All the content in the blog is available free of charge and can be found in the menu to the left.
Please feel free to scroll down in order to become acquainted with all the content which might possibly be of interest or of service to you

12/12/2012

A digital mausoleum?

Amazon launched a new service, Amazon Glacier, in August 2012. The Glacier offers to store, archive and back up data for a very low monthly cost: $0.01 per gigabyte.  

The storage is specifically designated to stow data that isn't accessed frequently, for which a retrieval time of several hours is suitable - just as we would put away boxes of folders for storage in a physical archive, located away from our home or office.


But what does that have to do with death in the digital era? 


When describing this service, Amazon uses the word "vault": "You use vaults to organize the archives you upload to Glacier" and phrases such as "
There is no limit to the amount of data you can store in the service" and "this data is often retained for years or decades. Amazon Glacier allows you to retain archived data for as long as desired."

What does it mean? 

On the one hand, it creates the possibility of a digital mausoleum: buy lots of storage space for cheap, upload to it anything you think our loved ones today - or generations to come - may find interesting, and take our self-commemoration one step further. It's secure, durable, simple, flexible and you pay only for what you use, making this a low cost service. The data we'll leave behind will no longer be divided among various computers and servers, between a cloud backup here and a portable hard disk backup there - it will all be centered in a single place, and our heirs will have a simpler, easier access to our digital legacy.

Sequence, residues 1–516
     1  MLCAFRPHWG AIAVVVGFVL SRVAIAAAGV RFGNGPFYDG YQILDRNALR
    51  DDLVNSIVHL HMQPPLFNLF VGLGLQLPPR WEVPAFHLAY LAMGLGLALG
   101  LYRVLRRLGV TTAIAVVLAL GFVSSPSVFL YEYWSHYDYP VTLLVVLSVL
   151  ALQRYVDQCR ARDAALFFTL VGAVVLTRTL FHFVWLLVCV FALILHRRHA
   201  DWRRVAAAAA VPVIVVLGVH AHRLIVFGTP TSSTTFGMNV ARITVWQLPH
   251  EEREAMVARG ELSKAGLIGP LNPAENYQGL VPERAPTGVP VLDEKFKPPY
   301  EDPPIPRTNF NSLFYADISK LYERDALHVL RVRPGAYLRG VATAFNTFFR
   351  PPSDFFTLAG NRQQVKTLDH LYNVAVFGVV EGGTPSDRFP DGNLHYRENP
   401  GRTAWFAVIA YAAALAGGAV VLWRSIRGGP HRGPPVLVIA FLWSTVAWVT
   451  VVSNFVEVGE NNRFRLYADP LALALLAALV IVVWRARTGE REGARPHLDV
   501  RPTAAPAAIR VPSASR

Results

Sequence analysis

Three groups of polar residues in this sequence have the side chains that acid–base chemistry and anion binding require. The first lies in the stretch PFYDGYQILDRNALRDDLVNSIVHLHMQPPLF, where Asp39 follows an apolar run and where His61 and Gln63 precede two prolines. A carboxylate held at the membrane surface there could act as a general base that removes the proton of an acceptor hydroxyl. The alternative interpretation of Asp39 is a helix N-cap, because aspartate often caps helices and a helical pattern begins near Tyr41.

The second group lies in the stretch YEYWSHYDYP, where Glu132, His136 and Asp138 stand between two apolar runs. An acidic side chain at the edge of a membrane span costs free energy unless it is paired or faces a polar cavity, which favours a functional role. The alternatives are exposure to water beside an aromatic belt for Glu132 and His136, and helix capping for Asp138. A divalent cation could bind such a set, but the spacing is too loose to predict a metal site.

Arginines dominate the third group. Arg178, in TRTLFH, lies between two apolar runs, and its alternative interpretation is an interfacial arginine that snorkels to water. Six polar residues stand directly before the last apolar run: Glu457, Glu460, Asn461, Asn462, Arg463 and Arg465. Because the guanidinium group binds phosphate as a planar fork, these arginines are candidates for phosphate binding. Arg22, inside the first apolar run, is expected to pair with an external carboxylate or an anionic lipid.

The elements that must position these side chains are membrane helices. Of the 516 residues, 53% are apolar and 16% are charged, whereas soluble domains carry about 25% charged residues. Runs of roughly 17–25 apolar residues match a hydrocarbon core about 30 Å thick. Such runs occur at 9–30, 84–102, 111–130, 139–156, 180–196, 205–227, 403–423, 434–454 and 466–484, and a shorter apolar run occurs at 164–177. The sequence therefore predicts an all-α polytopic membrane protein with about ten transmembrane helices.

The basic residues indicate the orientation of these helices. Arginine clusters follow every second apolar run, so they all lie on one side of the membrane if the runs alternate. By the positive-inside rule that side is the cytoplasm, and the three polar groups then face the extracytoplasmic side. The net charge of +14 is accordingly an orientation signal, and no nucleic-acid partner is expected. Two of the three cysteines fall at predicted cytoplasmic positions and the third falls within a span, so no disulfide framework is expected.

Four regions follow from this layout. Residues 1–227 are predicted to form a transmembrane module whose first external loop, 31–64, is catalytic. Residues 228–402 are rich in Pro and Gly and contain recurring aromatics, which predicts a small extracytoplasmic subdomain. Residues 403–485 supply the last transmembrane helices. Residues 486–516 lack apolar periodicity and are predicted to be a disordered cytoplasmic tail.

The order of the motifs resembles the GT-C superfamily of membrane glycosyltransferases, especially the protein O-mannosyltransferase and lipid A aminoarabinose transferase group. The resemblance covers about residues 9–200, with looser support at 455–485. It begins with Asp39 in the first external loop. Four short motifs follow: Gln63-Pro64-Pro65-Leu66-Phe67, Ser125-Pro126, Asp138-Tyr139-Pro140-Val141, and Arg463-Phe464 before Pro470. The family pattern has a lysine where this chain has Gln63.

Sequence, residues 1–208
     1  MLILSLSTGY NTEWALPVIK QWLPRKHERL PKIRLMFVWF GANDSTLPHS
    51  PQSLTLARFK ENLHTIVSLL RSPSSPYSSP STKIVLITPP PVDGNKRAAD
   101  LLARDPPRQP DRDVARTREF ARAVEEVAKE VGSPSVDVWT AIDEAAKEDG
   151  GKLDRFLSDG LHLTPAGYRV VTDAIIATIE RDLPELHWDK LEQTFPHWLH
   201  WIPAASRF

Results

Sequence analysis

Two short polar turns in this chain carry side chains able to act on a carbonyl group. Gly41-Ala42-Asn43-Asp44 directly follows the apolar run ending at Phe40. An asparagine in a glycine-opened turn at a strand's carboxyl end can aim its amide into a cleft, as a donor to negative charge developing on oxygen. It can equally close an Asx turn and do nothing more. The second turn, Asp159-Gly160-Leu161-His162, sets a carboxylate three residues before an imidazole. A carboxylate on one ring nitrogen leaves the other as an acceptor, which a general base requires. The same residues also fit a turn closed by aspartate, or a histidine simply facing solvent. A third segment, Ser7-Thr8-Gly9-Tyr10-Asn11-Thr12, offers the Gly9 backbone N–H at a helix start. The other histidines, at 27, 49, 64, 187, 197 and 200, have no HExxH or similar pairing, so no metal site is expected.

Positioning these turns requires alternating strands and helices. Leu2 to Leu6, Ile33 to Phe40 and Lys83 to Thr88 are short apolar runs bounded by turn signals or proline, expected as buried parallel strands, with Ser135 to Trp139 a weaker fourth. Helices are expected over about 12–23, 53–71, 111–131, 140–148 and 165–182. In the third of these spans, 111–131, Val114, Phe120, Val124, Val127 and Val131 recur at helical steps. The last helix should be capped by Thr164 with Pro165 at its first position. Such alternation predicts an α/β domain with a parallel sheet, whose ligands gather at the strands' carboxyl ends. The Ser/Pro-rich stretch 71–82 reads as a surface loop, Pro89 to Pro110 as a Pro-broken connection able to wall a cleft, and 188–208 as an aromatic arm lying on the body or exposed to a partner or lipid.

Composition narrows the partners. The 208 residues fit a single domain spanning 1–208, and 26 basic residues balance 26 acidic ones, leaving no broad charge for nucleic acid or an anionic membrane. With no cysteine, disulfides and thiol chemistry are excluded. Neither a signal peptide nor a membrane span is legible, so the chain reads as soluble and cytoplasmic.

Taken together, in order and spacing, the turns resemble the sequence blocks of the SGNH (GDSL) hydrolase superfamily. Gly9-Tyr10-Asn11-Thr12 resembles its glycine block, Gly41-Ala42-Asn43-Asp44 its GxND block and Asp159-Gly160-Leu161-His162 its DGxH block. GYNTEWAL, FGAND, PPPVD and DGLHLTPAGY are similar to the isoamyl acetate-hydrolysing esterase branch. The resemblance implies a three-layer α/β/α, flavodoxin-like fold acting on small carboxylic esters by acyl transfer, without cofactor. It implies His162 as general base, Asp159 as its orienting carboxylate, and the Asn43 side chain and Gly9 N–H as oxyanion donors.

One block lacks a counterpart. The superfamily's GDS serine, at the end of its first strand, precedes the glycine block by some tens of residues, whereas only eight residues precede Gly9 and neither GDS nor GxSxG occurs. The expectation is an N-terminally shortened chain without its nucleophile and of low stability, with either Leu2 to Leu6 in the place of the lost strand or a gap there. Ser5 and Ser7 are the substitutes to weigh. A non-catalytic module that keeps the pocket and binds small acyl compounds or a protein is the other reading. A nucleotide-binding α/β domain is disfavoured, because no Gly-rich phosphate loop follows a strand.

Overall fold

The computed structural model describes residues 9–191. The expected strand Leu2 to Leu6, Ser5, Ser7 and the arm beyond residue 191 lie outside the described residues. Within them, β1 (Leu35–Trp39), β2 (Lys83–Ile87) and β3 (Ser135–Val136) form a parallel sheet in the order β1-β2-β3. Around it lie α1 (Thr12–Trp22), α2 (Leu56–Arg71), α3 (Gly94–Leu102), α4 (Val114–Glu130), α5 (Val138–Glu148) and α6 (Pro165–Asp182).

On the other hand, if this really is a vault where our digital and online life are stored in multitudes, in case of a tragedy - when someone dies unexpectedly and didn't manage his digital inheritance - the loss of this legacy might be utter and complete. It won't a merely partial loss, as might happen today when only some of our legacy is stored with each of the various Internet providers (I intend to find out what is Amazon's policy in case of a death of a client and will let you know - I have - update below)

One of the difficulties we're already dealing with today is the enormous, almost endless, amount of digital and virtual assets a person leaves behind when they pass. I explain this in detail in my post After death: the difference between dealing with digital assets and other assets. If more and more people were to use the Glacier service, their heirs will find themselves dealing with an amount of digital legacy which has truly become endless - no one will ever bother to sort or delete again. We shall all become hoarders and pile, collect, gather and store more and more pictures, files, emails, movies, music, books etc., in the Glacier - is the difficulty more apparent now? 


Another point to take into consideration is the ecological implications, which CNN wrote about in an article back in 2009: Greening the Internet: How much CO2 does this article produce?"Massive buildings housing hundreds, if not thousands, of power hungry servers storing everything from Facebook photos and YouTube videos to company web sites and personal emails -- are often labeled as the worst offenders when it comes to harming the environment" (by means of electricity demands, greenhouse gas emissions and carbon emissions). 

If these days already, when a person passes away they leave behind enormous amounts of data floating in the net and around the clouds, what were to happen if all of us were to leave behind vast digital mausoleums? 

We might be nursing the illusion that what happens in the virtual, digital and online worlds stays there, but in fact it all has direct implications on our tangible world. 


Thank you Limor Schweitzer for telling me about the Glacier, and thanks Life Insurance Finder for your excellent infographic, through which I became acquainted with CNN Tech's article.  


Update December 2012: Matt Lambert, PR manager of Amazon Web Services, answered my questions regarding their policy: "We evaluate account transfer requests on a case by case basis, but generally speaking, we would require requestors to provide a copy of the death certificate and answer account security questions"..."This is the policy for Amazon Web Services. I can’t speak for other parts of the Amazon business". 
In case of a Glacier user who passed away, you can contact Amazon's customer services

No comments:

Post a Comment